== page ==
Patton handles her themes of social justice, grief, death and adoption with skilled sensitivity, resisting any urge to make simplistic judgments. She looks at the corrupting influence of power and the good and bad that can be found in any political party, while recognising the complexity of the problem the community faces:

‘The workers’ choices were limited and it suited everybody to turn a blind eye, to collude in the process… If you didn’t do the job, then there were ten behind you who would,’ says Aimee.

The Secrets We Keep reminds us of truth’s unwillingness to stay hidden, but above all it’s an uplifting, feel-good read in which the healing power of a loving and supportive community brings forgiveness and new beginnings, as well as hope and healing even for Aimee, whose secret is the darkest of all.

Move over Judy Nunn and Liz Byrski, there’s a terrific new Australian storyteller in town.

About the author 

Dr Shirley Patton grew up in outback Western Australia and now lives with her partner and a miniature schnauzer, in wine-growing country overlooking the beautiful Tamar River, Northern Tasmania. She left an academic career as a published researcher of family violence and a lecturer to write fiction full time. Since then, she has published several short stories in a variety of literary publications. Prior to practising social work, Shirley worked in the media as a television newsreader and television chat show host. Like one of the characters in The Secrets We Keep, Shirley’s Irish great grandmother read tea leaves.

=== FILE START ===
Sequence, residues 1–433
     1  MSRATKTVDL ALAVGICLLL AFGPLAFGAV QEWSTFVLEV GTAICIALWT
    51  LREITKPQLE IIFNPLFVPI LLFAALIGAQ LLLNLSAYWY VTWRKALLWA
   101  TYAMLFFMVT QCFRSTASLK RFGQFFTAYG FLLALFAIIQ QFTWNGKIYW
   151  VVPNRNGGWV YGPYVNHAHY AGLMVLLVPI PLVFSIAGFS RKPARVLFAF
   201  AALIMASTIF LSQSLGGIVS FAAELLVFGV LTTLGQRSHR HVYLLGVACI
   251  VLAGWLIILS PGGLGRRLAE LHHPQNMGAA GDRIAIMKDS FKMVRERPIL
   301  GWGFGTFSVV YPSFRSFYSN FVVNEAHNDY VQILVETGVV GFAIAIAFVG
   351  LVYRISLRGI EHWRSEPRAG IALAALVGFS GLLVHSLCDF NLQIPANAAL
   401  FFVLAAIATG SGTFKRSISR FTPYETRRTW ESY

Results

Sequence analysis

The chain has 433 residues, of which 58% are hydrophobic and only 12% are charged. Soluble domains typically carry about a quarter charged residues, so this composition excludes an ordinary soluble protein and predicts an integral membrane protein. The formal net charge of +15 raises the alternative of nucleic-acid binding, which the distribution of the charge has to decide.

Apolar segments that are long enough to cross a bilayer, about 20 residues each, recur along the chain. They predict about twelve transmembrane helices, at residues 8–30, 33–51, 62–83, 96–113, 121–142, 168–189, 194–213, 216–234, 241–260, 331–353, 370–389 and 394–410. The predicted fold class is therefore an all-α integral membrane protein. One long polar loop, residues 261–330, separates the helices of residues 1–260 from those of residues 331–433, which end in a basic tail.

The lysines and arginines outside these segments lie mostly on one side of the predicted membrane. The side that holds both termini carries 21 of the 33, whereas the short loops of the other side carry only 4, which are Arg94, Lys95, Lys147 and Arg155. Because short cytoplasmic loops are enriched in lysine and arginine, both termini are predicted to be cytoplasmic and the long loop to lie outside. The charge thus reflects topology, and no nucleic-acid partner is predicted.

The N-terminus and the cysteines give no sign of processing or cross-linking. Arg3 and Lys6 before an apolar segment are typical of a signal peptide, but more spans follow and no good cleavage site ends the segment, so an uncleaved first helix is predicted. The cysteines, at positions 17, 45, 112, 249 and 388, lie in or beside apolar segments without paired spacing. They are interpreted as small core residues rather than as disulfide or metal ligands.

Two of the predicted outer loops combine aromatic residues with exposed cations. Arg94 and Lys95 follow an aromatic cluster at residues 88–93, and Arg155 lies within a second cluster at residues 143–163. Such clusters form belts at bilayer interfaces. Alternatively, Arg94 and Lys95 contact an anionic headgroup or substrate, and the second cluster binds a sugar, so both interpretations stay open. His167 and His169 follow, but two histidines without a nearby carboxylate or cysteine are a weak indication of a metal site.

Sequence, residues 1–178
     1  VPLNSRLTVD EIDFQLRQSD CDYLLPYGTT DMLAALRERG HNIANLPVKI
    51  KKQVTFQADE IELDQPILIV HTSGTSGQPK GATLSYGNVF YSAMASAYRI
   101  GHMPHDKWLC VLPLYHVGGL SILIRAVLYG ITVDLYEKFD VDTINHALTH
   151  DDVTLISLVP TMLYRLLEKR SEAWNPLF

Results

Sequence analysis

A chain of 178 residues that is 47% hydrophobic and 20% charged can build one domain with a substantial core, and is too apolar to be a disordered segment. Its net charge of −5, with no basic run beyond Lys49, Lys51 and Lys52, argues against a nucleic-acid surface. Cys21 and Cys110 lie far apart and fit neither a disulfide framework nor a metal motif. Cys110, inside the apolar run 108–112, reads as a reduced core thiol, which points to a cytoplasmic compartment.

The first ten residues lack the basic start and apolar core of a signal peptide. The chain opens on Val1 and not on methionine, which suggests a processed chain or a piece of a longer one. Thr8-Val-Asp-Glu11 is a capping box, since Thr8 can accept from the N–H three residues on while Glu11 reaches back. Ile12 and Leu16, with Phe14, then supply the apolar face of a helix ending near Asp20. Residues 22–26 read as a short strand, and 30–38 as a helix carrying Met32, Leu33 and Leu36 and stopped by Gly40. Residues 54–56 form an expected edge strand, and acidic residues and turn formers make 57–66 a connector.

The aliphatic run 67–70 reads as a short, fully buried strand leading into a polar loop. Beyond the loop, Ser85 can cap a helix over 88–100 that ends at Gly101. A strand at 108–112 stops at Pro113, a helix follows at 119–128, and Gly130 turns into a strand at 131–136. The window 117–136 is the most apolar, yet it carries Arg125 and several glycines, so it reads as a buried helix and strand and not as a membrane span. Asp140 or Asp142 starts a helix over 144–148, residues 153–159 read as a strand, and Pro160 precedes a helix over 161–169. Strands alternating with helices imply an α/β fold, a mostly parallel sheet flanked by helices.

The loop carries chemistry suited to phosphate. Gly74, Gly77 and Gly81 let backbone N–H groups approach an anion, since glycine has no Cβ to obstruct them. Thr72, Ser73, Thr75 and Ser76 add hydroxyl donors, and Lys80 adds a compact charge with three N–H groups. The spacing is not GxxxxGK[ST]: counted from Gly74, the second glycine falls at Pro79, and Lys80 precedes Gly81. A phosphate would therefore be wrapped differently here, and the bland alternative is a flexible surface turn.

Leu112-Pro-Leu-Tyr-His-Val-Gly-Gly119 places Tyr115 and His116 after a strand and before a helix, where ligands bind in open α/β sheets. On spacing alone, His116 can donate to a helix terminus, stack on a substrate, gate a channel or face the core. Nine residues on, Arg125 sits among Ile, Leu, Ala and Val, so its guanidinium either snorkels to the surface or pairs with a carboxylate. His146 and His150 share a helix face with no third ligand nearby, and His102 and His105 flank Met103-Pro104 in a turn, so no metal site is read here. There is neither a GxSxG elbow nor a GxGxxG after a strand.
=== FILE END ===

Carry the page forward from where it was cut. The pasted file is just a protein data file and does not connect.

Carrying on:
Purchase a copy of The Secrets We Keep || read a sample chapter

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                  Publisher details

                  The Secrets We Keep
                  Author
                  Nova Weetman
                  Publisher
                  UQP
                  Genre
                  Children’s Fiction
                  Released
                  01 April, 2016

                  Synopsis